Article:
const request = () => { return new Promise ( ( resolve ) => { setTimeout ( () => { resolve({ status : 200 }) }, 500 ) }) } const hoc = wrapperPromise (View, Request) copy the code

And use it to render in the parent component (Parent.vue):

< template > < div > < hoc/> </div > </template > < script > import View from './ View ' import {wrapperPromise} from './utils' const request = () => { return new Promise ( resolve => { setTimeout ( () => { resolve({ status : 200 }) }, 500 ) }) } const hoc = wrapperPromise(View, request) export default { components : { hoc } } </script > copy code

At this point, the component is rendered after being blank for 500ms

200
, The code runs successfully, and the asynchronous data stream runs.

Further optimize high-level components, add "loading" and "error" views, which are more friendly in terms of interaction.

/* eslint-disable max-lines-per-function */ export const wrapperPromise = ( component, promiseFn ) => { return { name : 'promise-component' , data () { return { loading : false , error : false , result : null } }, async mounted () { this .loading = true const result = await promiseFn().finally( () => { this .loading = false }) this .result = result }, render ( h ) { const conf = { props : { result : this .result, loading : this .loading } } const wrapper = h( 'div' , [h(component, conf), this .loading? h( 'div' , [ 'loading...' ]): null , this .error? h( 'div' , [ 'error!!!' ]): null ]) return wrapper } } } Copy code

Perfect again

So far, although high-end components can be used, they are not good enough and still lack some functions, such as:

  1. Get the parameters from the sub-component, which is used to send the parameters of the asynchronous request
  2. Monitor the change of request parameters in the subcomponent and resend the request
  3. The parameters passed by the external component to the hoc component are not passed on. For example, when we use the hoc component in the outermost layer, we hope to provide some additional props or attrs (or slots, etc.) to the innermost packaged component. At this time , The hoc component is needed to pass this information down.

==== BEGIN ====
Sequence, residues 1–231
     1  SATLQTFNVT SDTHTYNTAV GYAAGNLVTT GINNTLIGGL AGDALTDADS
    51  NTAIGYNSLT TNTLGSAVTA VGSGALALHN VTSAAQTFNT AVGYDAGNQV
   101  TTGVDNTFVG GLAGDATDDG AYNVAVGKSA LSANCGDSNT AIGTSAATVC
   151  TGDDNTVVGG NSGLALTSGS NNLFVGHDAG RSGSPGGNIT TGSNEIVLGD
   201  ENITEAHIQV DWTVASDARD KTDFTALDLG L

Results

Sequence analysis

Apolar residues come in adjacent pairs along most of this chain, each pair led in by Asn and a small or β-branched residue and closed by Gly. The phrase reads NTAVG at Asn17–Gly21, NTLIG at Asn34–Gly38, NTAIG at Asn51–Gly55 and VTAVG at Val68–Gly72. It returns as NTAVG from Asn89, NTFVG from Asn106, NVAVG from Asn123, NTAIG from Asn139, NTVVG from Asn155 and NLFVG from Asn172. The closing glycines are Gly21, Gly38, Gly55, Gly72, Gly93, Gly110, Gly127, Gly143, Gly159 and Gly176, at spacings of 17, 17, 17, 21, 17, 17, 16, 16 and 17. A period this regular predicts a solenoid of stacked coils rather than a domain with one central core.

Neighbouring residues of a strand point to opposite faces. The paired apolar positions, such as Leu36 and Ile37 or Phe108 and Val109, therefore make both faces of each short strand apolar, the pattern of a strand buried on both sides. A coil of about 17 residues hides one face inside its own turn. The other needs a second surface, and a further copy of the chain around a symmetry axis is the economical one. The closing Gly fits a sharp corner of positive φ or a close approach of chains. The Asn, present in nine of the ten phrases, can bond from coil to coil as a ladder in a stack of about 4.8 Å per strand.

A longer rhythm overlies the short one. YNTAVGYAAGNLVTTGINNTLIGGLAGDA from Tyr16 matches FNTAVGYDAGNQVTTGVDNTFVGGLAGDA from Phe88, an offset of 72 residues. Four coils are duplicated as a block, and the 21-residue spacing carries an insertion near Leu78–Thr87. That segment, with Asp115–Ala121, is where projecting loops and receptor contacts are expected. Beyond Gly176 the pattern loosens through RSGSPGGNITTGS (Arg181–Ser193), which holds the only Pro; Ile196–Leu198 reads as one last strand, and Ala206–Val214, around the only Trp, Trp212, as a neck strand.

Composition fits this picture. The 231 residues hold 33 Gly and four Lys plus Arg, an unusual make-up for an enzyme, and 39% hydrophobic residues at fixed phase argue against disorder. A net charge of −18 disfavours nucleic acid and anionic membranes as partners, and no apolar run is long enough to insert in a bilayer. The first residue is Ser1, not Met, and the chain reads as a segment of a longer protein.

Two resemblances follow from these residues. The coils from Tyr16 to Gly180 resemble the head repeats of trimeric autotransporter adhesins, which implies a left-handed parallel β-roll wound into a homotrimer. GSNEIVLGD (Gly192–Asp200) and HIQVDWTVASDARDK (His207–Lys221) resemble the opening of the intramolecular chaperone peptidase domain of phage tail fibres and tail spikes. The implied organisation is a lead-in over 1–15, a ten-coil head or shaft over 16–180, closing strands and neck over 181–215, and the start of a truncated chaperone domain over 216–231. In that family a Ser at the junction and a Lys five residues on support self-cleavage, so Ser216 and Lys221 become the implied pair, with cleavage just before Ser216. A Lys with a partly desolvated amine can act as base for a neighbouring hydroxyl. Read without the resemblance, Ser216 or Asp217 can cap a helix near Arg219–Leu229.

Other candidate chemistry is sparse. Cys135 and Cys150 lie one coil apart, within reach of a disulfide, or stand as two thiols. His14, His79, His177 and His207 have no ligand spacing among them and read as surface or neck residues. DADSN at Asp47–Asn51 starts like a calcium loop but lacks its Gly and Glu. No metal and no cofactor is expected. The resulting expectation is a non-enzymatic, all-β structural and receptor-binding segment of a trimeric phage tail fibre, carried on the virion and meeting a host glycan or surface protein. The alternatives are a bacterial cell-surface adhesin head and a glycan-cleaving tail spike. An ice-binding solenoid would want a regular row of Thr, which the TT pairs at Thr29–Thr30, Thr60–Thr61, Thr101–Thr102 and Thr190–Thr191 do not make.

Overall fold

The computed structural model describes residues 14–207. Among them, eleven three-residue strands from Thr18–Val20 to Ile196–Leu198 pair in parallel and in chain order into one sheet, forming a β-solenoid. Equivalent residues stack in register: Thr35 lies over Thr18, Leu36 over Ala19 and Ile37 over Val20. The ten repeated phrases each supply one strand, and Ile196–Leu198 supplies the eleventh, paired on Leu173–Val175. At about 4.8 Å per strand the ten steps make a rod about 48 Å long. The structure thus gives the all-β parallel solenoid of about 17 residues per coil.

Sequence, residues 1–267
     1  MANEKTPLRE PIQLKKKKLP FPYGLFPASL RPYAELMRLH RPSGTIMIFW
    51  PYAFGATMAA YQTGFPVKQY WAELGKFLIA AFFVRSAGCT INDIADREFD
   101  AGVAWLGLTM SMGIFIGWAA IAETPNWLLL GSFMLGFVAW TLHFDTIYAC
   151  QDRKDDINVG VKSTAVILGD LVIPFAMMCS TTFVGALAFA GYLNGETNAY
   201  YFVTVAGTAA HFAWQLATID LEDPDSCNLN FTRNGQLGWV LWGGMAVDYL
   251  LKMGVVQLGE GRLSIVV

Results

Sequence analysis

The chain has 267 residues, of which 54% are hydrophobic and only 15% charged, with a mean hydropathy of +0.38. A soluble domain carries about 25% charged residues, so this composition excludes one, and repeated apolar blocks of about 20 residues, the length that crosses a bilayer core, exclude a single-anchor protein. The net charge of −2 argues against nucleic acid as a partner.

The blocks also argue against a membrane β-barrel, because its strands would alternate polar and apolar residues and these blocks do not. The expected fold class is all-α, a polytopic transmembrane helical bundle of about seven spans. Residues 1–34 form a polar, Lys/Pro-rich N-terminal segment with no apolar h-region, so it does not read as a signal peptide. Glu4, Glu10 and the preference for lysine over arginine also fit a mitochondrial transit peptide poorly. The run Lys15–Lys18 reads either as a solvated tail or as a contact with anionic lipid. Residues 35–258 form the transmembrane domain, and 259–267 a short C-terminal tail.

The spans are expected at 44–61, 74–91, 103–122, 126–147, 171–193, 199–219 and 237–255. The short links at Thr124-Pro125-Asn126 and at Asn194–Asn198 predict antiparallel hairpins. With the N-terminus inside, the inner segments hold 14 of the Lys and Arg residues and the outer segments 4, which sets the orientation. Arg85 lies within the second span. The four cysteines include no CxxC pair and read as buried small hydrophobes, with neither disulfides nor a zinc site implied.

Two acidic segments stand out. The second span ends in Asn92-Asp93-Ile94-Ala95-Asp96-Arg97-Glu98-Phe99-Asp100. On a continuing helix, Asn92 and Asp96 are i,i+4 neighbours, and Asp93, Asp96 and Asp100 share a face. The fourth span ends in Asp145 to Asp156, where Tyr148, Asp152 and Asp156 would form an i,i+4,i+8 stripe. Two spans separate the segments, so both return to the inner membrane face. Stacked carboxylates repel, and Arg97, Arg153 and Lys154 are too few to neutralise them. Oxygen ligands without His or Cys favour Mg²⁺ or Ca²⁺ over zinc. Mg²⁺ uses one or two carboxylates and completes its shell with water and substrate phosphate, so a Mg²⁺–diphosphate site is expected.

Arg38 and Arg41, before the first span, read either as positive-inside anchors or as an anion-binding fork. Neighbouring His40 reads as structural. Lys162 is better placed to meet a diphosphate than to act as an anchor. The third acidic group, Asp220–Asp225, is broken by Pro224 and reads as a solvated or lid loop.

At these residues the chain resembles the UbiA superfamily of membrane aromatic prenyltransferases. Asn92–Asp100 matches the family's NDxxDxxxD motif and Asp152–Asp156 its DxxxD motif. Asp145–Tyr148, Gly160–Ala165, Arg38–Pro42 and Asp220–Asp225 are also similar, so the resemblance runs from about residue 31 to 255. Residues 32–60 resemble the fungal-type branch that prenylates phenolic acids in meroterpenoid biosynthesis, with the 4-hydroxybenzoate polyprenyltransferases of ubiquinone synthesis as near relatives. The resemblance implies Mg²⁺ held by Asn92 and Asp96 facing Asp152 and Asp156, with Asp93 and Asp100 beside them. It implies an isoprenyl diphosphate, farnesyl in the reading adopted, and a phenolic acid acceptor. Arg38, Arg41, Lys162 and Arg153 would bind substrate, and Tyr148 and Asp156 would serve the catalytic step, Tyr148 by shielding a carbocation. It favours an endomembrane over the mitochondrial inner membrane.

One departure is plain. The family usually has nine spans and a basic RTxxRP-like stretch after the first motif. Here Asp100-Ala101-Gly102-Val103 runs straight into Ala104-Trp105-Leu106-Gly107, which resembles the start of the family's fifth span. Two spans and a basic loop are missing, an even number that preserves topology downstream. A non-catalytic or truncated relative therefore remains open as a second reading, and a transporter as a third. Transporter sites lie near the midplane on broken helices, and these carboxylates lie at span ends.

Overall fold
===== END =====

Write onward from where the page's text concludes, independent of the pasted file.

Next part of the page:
In order to achieve point 1, you need to

View.vue
Add a specific field as a request parameter, such as: requestParams

< template > < div > {{ result.status + '=>' + result.name }} </div > </template > < script > export default { props : { result : { type : Object , default : () => {} }, loading : { type : Boolean , default : false } }, data () { return { requestParams : { name : 'http' } } } } </script > < style lang = "scss" scoped > </style > Copy code

At the same time, write down the request function and let it accept the request parameters. Here we don't do anything to deal with it, and return it as it is.

const request = params => { return new Promise ( resolve => { setTimeout ( () => { resolve({...params, status : 200 }) }, 500 ) }) } Copy code

One question is how can we get

View.vue
What about the value in the component? You can consider adopting
ref
To get, for example:

export const wrapperPromise = ( component, promiseFn ) => { return { name : 'promise-component' , data () { return { loading : false , error : false , result : null } }, async mounted () { this .loading = true //Get the request parameters of the package component const {requestParams} = this .$refs.wrapper const result = await promiseFn(requestParams).finally( () => { this .loading = false }) this .result = result }, render ( h ) { const conf = { props : { result : this .result, loading : this .loading }, ref : 'wrapper' } const wrapper = h( 'div' , [h(component, conf), this .loading? h( 'div' , [ 'loading...' ]): null , this .error? h( 'div' , [ 'error!!!' ]): null ]) return wrapper } } } Copy code